GGPoker Faces Embarrassment Over ‘Superuser’ Cheating Scandal

Gambling Site Reports Significant Online Poker Cheating Scandal Involving a Superuser

Posted on: January 2, 2024, 04:47h.

Last updated on: January 2, 2024, 04:47h.

GGPoker has issued an apology to its users after a ‘superuser’ was found to have exploited a flaw in the online poker behemoth’s software, causing other players to lose thousands of dollars.

GGPoker, Moneytaker69, superuser
A screenshot from the GGPoker website showing MoneyTaker69’s cheating tactics that resulted in significant losses to cash game players and high tournament winnings. (Image: GGPoker/PLO Mastermind)

An official statement from GGPoker affirmed that the user “MoneyTaker69” has been banned and the “unfair winnings” totaling $29,795 will be redistributed to the victims who were cheated.

The operator clarified that while MoneyTaker69 was unable to view opponents’ cards, the individual was able to ascertain the equity by exploiting a client-side data leak vector. In basic terms, this tactic hints at a way to determine the probability of a hand winning, even without having knowledge of the specific hole cards of other players. The vulnerability has since been addressed, according to the company.

We sincerely apologize for the incident, which has caused many poker players to worry about the game’s integrity and shaken their trust in GGPoker to provide the best poker experience. We take this incident very seriously and continue to work hard not to disappoint poker players.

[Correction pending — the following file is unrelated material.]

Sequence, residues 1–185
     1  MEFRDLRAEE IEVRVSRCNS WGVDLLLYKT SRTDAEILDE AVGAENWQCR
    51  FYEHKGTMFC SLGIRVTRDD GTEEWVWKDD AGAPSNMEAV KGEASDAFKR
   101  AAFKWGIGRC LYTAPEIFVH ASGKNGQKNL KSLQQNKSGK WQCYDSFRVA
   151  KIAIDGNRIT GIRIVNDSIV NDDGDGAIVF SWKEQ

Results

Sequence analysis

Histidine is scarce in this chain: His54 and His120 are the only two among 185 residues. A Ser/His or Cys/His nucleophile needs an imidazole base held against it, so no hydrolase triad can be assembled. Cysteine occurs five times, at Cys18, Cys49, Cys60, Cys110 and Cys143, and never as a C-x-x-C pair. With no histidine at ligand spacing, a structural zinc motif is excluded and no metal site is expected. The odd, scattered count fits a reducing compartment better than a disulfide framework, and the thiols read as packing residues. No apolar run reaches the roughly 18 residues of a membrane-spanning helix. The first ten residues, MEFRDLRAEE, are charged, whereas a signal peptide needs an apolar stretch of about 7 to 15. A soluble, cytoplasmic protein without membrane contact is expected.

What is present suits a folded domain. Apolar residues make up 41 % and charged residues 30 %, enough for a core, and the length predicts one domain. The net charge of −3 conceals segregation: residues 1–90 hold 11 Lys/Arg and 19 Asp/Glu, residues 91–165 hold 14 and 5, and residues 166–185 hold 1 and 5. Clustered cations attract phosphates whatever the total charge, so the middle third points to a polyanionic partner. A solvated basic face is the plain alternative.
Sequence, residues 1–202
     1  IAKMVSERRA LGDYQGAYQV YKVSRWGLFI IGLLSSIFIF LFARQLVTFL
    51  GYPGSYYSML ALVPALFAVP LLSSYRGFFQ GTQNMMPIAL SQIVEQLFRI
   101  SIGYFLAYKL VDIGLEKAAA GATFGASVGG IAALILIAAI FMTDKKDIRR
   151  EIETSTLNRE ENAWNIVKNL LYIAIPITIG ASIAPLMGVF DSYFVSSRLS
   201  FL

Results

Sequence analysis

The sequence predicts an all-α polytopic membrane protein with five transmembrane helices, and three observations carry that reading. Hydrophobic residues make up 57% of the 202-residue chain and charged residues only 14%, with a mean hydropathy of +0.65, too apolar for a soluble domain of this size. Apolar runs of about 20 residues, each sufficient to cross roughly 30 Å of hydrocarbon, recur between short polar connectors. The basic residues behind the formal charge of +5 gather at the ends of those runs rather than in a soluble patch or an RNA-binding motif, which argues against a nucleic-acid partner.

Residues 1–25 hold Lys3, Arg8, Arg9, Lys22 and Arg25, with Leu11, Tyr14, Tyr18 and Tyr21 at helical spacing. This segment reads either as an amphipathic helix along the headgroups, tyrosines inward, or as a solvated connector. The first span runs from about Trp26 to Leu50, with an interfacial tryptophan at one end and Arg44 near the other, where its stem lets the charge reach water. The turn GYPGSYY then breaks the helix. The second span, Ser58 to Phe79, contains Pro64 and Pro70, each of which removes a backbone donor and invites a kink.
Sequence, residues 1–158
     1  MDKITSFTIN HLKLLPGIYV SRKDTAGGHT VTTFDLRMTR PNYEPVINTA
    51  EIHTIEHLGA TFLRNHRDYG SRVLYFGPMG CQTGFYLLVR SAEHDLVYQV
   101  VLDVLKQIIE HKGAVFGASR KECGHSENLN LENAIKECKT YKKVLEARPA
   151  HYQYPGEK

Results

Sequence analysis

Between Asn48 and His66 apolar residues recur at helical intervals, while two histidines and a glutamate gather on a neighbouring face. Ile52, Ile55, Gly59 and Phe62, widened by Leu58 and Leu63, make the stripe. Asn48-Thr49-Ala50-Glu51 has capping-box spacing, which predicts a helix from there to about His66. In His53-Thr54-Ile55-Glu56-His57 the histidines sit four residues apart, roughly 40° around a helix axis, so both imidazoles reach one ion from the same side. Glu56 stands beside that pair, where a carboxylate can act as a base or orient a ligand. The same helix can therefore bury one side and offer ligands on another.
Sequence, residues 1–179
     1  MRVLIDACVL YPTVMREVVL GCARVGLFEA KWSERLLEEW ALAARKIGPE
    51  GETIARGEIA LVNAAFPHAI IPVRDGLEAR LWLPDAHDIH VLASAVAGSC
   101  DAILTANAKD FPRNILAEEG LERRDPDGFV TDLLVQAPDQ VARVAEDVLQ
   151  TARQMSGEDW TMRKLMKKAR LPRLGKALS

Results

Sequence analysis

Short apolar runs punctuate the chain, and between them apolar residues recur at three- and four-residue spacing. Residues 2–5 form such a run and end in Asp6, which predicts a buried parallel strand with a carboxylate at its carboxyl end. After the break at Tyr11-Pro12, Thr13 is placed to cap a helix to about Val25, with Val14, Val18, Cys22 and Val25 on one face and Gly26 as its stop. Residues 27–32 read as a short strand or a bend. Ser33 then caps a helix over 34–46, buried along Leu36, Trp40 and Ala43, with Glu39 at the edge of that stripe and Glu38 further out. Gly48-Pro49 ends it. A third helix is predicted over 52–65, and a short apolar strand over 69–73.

Player Power

GGPoker stated that its security team identified irregular game patterns, which led to an investigation into MoneyTaker69. However, the first public revelation about MoneyTaker69 was made by a poster on the TwoPlusTwo internet poker forums.

Describing himself as “GGPoker Superuser,” the poster observed that MoneyTaker69 had won an extraordinary 90 big blinds per 100 across 8,900 hands with a 53% VPIP (voluntary put in pot), a winning streak that was statistically improbable. Furthermore, MoneyTaker69 achieved this while demonstrating a pre-flop strategy that was less than optimal.

“GGPoker Superuser” also noted that “MoneyTaker69” had won a multi-table tournament for $47,586 “while playing an extremely volatile strategy, which aroused a lot of suspicion.”

GGPoker pledged to review the payout for the affected tournaments, along with the cash game victims, and commended the poker community and “the poker players’ hive minds” for their constructive feedback, which bolstered confidence in solving the issue.

Link to Hacking Group?

Notably, “MoneyTaker” is also the name of a hacking group responsible for at least 20 attacks on banks and financial services firms in the USA, UK, and Russia. However, there is no evidence to suggest that MoneyTaker69 was affiliated with this group. The name is more likely a play on words, referencing the 2003 World Series of Poker titleholder Chris Moneymaker — a fitting moniker, it turns out.

This incident draws parallels to an earlier “superuser“ scandal involving the account “Potripper” on AbsolutePoker in 2007, which was also exposed by players on the TwoPlusTwo forums. In that instance, players were cheated over the span of 40 days, resulting in $1.6 million in refunds. Similarly, a comparable scandal occurred on AbsolutePoker’s sister site, UltimateBet, involving the former WSOP Main Event champion Russ Hamilton, who was implicated in the cheating.

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